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John Taylor
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John Taylor won his first cap for Wales at the age of 21 and played 26 Tests during the golden era of Welsh rugby. He also toured with the Lions twice, in 1968 and again in 1971, when he played in all four Tests as they beat the All Blacks to record the Lions' only series victory in New Zealand. He retired from playing in 1978 and began a successful career in broadcasting and journalism. He has covered the last eight Lions tours and has been a regular contributor to ESPNscrum since 1999.
Comment
Wales facing unenviable task
John Taylor
February 9, 2011
Scotland lock Richie Gray powers forward, France v Scotland, Six Nations Championship, Stade de France, Saint Denis, Paris, France, February 5, 2011
Richie Gray was a major plus for Scotland © Getty Images
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Two weeks ago I was worrying about the Six Nations having lost its allure - I should have known better. After the opening round of matches the scene is set for an epic contest.

For that to happen you need every country to be competitive and after last weekend the bookies will have been hurriedly revising their odds. England and France, the pre-tournament favourites, both started impressively and put down the expected markers but the rest of the pecking order is much more difficult to predict.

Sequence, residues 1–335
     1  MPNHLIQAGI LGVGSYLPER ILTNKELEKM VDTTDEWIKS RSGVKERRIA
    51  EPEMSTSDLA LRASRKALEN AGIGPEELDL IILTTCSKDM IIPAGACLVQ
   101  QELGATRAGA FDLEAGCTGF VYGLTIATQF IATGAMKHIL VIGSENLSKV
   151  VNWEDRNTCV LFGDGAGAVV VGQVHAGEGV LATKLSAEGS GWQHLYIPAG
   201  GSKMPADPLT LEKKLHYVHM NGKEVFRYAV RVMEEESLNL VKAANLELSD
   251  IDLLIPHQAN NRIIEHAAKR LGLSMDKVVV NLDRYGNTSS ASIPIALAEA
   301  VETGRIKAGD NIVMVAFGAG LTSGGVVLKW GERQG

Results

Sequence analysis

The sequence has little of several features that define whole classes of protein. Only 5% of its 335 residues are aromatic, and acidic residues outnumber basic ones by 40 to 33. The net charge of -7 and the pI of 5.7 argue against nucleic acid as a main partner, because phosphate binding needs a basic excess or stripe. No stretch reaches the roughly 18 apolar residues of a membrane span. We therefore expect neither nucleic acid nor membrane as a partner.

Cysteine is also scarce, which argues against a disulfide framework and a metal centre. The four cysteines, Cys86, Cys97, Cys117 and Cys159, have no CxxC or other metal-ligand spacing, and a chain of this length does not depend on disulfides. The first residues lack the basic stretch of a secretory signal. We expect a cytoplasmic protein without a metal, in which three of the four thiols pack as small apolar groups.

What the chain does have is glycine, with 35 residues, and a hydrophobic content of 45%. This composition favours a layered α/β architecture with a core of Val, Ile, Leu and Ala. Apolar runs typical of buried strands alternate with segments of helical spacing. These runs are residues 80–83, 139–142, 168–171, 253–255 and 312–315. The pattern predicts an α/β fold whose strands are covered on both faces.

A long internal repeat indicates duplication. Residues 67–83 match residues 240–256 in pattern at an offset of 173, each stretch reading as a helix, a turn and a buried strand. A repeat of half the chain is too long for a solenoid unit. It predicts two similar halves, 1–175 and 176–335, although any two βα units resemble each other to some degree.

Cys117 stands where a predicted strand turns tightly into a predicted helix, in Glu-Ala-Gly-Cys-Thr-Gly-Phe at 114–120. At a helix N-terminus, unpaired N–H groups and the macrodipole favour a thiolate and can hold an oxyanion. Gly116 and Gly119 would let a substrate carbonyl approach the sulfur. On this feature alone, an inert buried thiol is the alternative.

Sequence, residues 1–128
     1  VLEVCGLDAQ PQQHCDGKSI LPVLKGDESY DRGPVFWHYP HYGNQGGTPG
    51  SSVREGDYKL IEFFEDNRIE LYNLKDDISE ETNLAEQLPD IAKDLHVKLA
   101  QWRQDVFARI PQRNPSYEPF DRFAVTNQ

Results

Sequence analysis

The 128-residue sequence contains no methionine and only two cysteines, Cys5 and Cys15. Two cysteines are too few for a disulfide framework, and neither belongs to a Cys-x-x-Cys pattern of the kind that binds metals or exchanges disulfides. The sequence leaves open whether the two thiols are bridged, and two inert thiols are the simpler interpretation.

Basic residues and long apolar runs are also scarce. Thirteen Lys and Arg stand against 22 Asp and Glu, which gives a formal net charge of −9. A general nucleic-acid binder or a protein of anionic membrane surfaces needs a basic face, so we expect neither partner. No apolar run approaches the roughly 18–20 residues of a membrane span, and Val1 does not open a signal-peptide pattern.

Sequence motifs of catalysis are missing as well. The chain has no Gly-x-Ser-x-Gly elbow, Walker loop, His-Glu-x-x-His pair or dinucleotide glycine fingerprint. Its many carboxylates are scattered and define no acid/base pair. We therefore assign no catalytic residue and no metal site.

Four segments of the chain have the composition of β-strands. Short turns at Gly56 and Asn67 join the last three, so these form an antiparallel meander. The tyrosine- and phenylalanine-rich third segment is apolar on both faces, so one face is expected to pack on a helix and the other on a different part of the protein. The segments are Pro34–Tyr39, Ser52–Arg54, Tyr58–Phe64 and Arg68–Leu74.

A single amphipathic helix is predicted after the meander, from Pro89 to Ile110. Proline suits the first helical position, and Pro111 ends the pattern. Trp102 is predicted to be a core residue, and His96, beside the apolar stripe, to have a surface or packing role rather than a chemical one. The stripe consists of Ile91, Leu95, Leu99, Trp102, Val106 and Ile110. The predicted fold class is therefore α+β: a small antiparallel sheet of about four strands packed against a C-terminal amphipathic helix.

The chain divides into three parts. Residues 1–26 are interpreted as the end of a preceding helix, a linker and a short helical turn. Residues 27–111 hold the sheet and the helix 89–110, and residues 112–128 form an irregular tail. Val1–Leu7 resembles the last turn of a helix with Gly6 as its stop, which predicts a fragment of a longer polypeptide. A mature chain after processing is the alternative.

I was pretty confident that Ireland and Wales would be battling it out for third and fourth with Scotland and Italy fighting yet again to avoid the wooden spoon. Now, I am not so sure.

Italy should have beaten Ireland and although Scotland were beaten comprehensively by a very good French side I believe they will have taken more positives than negatives from their performance in Paris. Both countries have found a cutting edge in attack - something I, for one, despaired of and huge credit must go to the coaches, Andy Robinson and Nick Mallett, who have made the most of very limited resources. Wales and Ireland are now the countries under real pressure because their foundations looked very shaky.

It is 40 years since I kicked the goal that was dubbed 'the greatest conversion since St Paul' at Murrayfield for Wales to beat Scotland 19-18 in the final minute. To my constant amazement it is one of those moments that every rugby fan over the age of 50 seems to remember and this week everybody wants to talk about it, which is lovely but, to be honest, about as relevant as the dinosaur.

Except for one thing - it does illustrate just how difficult Wales have found winning at Murrayfield down the years. We had a great side in 1971 and went on to win the Grand Slam but, even though I felt we were always the better side, we almost came to grief.

Wales are certainly not favourites this time round. Against England they fought tooth and nail until the end but there was no real platform without Gethin Jenkins and Adam Jones so they were always struggling for possession.